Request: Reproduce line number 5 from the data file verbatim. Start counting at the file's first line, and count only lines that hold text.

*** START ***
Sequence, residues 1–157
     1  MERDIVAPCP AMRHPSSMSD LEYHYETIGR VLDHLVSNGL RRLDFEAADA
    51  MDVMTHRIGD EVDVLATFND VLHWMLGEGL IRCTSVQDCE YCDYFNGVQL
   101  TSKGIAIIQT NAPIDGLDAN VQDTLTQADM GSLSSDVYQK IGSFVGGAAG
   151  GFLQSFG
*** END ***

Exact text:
   151  GFLQSFG